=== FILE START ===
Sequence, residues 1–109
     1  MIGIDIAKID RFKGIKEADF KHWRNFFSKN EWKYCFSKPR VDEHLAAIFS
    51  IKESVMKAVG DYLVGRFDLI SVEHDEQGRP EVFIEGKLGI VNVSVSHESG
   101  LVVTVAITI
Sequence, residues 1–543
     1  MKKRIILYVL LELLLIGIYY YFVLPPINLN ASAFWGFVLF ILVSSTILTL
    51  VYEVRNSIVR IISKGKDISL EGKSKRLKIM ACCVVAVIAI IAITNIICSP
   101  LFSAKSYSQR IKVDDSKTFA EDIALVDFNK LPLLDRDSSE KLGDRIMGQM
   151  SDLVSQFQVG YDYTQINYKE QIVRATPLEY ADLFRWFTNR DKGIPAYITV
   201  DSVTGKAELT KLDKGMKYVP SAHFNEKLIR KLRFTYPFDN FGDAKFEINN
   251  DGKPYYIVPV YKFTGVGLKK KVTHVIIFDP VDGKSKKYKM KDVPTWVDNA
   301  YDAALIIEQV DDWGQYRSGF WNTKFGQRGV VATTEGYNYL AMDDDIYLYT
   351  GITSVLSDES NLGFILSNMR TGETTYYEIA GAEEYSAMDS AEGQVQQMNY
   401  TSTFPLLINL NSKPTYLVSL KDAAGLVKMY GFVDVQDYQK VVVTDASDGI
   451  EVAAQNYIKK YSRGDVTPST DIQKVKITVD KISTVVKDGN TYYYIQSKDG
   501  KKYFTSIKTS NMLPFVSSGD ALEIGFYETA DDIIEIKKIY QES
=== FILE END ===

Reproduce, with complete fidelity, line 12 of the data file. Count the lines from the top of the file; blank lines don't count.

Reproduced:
   301  YDAALIIEQV DDWGQYRSGF WNTKFGQRGV VATTEGYNYL AMDDDIYLYT